IT looked like there'd been a massacre in an abattoir. The port jus was a bloodbath on the plate, the rest resembled smashed viscera and churned flesh. This was seemingly surmounted by a bale of hide prepared for dispatch by some hideous reaper.
This is a surprise because the chefs are decent and cook from fresh in front of the diners. I know this because I stared at them as they prepared my lunch - with three people in there was very little people watching to be had.
As vegetarian dishes go it was an eye-opener. I didn't know whether to eat it or call the police. Then again I was in the Royal Exchange Theatre's restaurant: The Round. I suppose drama is to be expected, but this dish appeared to be hamming it up like a Victorian music hall villain.
Not that the prune and walnut loaf (main picture) wasn't without virtue. The construction was sturdy and the balance good, especially if like me you're a sucker for walnuts. The pureed celeriac was a dream accompaniment, a caress for the walnut and prune. The jus was too much bloodbath but by Christ I was full beyond the need for a pudding after this monster main.
A black pudding and poached egg starter wasn't bad either, although the power of the pudding was diminished by its dismemberment. An egg on a full round slice would have worked better.
Not bad but kill the rocket
The chopped tomato and onion added interest to the dish but please save me from the astringent remorseless attack of rocket leaves - the fallback solution for greens in chapter one of Cheffing Made Easy. I'm sure fields of rocket swaying gently in a summer's breeze is a lovely sight but the appeal fades when there's a blanket of green choking the life from starter dishes. Save me from too much cress for that matter too.
Odd place all round The Round. For one thing, it's rectangular. The name refers to the theatre in the main hall of the Royal Exchange which is of course 'in the round'.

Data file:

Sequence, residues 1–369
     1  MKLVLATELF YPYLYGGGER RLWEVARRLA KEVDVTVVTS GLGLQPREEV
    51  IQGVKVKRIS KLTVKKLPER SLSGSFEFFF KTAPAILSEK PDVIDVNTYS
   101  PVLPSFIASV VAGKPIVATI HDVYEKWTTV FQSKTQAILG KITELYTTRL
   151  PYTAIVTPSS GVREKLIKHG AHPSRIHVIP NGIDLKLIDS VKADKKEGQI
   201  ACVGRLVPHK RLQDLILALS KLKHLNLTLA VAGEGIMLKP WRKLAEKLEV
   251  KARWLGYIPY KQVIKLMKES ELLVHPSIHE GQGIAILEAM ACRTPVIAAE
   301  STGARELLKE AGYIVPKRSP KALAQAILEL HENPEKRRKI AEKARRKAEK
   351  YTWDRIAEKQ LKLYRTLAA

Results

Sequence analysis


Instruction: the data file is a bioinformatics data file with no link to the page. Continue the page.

Royal Exchange theatre and domes from the entrance of The Round
During this lunchtime visit there were two other tables occupied by three people. Yet, the view into St Ann's Square is splendid, the space pleasant enough and the menu isn't without interest. I suppose the place packs them in pre-show, but it seems like a waste of a good space. It closes 7.30pm or 8pm when shows start, which also seems a waste.
The view of St Ann's Square from the Royal Exchange
Then the bill comes and you learn the operator is Baxter Storey, the blandest of bland international caterers. This is a surprise because the chefs here are decent and cook from fresh in front of the diners. I know this because I stared at them as they prepared my lunch - with three people in there was very other little people watching to be had.
This is what I'd do with The Round.
I'd spend money to sound insulate the wall that faces the theatre and open the restaurant up during performances using the separate access from the main stairs on Exchange Street/St Ann's Square. These were clearly intended for the purpose of getting people in without disturbing shows.
Inside The Round
I'd also get rid of Baxter Storey and give the chef's team freedom to go their own way. Any group of people who can deliver that crazy veggie slaughterhouse dish should be encouraged.
There's an interesting comparison here.
Later this week I'll be sampling the Whitworth Art Gallery's new menu. That institution has gone with a local chef and his company, Peter Booth and the Modern Caterer. Just about all the other museums, art galleries, theatres and so on in Manchester go with big national caterers and almost all their food is dreary at best.
I'm looking forward to finding out whether the Whitworth's policy is sounder. After all, given DevoManc, surely local responsibility is all the rage right now.
All scored reviews are unannounced, impartial, paid for by Confidential and completely independent of any commerical relationship.
Food: 7/10 (black pudding and egg 6.5, mad prune and walnut log 7.5)
Jonathan recommends: mad nut logs
Give it a miss: caterer food dreary